Republican Sen. Josh Hawley of Missouri announced on Wednesday that he plans to object during Congress’ meeting to certify Electoral College votes next week in order to highlight unfounded claims of widespread voter fraud and the role of “Big Tech monopolies” in the election. The move will delay the final confirmation of President-elect Joe Biden’s victory by forcing lawmakers in both chambers of Congress to debate and then vote on the objection. “At the very least, Congress should investigate allegations of voter fraud and adopt measures to secure the integrity of our elections,” the senator said in a statement. “But Congress has so far failed to act.”
In order to raise an objection to the results, a senator and a member of the House must both submit their complaints in writing. While Alabama Rep. Mo Brooks has already indicated that he will object, Hawley is the first senator to formally announce his intention. Alabama Sen.-elect Tommy Tuberville has said he’s open to objecting as well. It’s virtually impossible for this objection to affect the outcome of the election, but it will require lawmakers to retire to the House and Senate and hold separate debates that will run for no more than two hours. For the objection to succeed, both chambers must approve it with a simple majority vote. Given that Democrats control the House, there’s virtually no chance of that happening.
Nevertheless, President Donald Trump has been publicly and privately pushing Republicans in Congress to lodge objections. Trump and Vice President Mike Pence hosted Brooks and other conservative members of Congress at the White House last week to lay out a strategy for this far-fetched gambit. Since losing the election, Trump has refused to concede and repeatedly spread conspiracy theories that voting machines were rigged and that loads of invalid ballots inexplicably materialized in key swing states to hand Biden a victory. He’s pressured state-level officials to interfere in the electoral process and had his attorney Rudy Giuliani file legal challenges in dozens of courts, which have nearly all been unsuccessful.
Not everyone in Trump’s party is on board. Voting on Hawley’s objection will put many Republican lawmakers, particularly those in the Senate, in a tight spot. Senate Majority Leader Mitch McConnell advised his colleagues in a mid-December conference call not to raise objections, describing it as a “terrible move” since it would require Republicans to go on the record in rebuffing Trump’s specious claims of pervasive voter fraud. Hawley, however, is widely expected to be a presidential candidate in 2024, and this move is likely to endear him to Trump’s base.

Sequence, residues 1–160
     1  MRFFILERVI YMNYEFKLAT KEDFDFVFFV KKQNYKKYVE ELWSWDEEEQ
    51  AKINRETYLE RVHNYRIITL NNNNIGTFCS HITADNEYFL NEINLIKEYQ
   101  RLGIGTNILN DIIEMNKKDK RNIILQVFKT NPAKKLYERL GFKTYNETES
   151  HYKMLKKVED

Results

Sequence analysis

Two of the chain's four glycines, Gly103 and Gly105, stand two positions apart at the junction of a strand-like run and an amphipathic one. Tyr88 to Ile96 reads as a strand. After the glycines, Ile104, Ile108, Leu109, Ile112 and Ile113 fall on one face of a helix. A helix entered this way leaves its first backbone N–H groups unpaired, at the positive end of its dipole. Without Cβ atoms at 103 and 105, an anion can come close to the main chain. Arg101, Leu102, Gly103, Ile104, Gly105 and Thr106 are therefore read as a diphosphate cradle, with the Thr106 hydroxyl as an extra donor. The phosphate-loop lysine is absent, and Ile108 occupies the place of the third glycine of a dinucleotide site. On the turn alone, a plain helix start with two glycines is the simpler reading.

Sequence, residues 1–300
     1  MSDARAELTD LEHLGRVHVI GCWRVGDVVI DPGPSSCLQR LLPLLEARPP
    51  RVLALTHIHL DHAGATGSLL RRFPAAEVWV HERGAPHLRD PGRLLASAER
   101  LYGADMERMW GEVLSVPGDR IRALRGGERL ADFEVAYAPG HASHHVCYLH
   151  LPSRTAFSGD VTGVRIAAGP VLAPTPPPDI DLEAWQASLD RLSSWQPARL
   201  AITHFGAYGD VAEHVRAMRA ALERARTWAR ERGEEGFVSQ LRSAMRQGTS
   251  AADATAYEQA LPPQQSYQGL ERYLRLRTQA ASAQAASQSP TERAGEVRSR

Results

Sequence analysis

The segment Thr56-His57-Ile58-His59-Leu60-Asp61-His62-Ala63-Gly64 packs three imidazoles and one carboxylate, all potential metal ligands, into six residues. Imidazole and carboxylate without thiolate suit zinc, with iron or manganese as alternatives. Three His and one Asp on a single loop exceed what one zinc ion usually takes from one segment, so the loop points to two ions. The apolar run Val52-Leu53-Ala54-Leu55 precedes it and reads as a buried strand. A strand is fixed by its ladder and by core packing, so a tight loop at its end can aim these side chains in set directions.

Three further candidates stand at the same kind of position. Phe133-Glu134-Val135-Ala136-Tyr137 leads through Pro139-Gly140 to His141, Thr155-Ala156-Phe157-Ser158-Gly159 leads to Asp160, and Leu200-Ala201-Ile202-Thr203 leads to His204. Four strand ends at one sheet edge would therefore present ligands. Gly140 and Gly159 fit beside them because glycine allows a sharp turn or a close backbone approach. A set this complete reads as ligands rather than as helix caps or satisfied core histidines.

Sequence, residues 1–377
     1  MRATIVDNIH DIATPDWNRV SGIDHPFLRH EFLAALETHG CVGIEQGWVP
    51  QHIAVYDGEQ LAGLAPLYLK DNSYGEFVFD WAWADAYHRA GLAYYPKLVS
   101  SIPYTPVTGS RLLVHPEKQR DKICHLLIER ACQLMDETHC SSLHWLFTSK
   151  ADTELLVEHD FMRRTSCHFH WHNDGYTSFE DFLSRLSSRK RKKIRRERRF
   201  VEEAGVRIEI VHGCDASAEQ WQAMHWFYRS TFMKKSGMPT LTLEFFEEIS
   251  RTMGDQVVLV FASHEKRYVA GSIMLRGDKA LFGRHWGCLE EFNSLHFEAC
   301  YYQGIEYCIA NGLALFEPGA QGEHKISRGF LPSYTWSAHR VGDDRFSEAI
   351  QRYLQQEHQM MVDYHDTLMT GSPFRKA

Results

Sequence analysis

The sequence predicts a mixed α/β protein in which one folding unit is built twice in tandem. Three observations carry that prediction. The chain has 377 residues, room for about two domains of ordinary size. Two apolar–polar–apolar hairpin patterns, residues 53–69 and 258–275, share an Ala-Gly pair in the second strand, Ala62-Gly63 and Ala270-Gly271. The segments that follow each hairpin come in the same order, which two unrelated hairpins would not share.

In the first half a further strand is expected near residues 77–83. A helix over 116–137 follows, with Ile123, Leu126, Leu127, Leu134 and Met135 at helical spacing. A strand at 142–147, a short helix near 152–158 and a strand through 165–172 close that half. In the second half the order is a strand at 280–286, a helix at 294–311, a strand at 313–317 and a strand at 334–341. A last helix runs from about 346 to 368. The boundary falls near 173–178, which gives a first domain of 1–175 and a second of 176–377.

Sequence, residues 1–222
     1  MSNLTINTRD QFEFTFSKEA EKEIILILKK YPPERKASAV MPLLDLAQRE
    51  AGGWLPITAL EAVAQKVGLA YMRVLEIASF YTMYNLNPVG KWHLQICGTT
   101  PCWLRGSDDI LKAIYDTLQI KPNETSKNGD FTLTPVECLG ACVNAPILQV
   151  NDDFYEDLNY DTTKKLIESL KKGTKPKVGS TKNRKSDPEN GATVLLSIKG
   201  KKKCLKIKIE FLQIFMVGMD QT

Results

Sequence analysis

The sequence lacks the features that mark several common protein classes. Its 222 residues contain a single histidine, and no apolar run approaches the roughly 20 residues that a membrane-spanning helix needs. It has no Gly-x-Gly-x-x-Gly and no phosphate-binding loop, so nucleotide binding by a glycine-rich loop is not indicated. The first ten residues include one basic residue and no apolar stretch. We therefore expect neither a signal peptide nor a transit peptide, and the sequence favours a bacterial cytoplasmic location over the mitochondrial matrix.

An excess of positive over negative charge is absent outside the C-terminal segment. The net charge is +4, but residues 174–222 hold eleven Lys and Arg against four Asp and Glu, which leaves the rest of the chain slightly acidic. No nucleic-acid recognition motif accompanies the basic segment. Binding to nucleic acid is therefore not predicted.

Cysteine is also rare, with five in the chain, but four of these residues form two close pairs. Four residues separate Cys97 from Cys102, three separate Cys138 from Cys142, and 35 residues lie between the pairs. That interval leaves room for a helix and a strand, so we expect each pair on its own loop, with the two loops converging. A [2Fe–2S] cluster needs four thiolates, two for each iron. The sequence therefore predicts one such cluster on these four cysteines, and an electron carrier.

In order to justify his plans, Hawley cited instances from the 2004 and 2016 elections in which Democrats also objected during the Electoral College vote certification. Following the 2016 election, Democratic Reps. Sheila Jackson Lee of Texas and Barbara Lee of California led an effort in the House to object to Trump’s victory. The effort died when no senators would sign on. The last time there was an actual vote on an objection was after the 2004 election, when former Ohio Rep. Stephanie Tubbs Jones and former California Sen. Barbara Boxer jointly objected to President George W. Bush’s win in Ohio.
Boxer, in an interview with CNN last month, drew a distinction between her motion and the campaign to reverse the 2020 election that Trump and his allies have waged since November. “Our intent was not to overturn the election in any way. Our intent was to focus on voter suppression in Ohio,” she said. “They’re talking about the vote that the presidency was stolen from Donald Trump. It’s not even a close comparison.” During the House session in 2005 to debate her objection, Tubbs Jones similarly said, “This objection does not have at its root, the hope or even the hint of overturning the victory of the president, but it is a necessary timely and appropriate opportunity to review and remedy the most precious process in our democracy.”
Still, it’s evidently enough of a precedent for Hawley. “Democrats in Congress objected during the certification of electoral votes in order to raise concerns about election integrity,” the senator’s statement read. “And they were entitled to do so. But now those of us concerned about the integrity of this election are entitled to do the same.”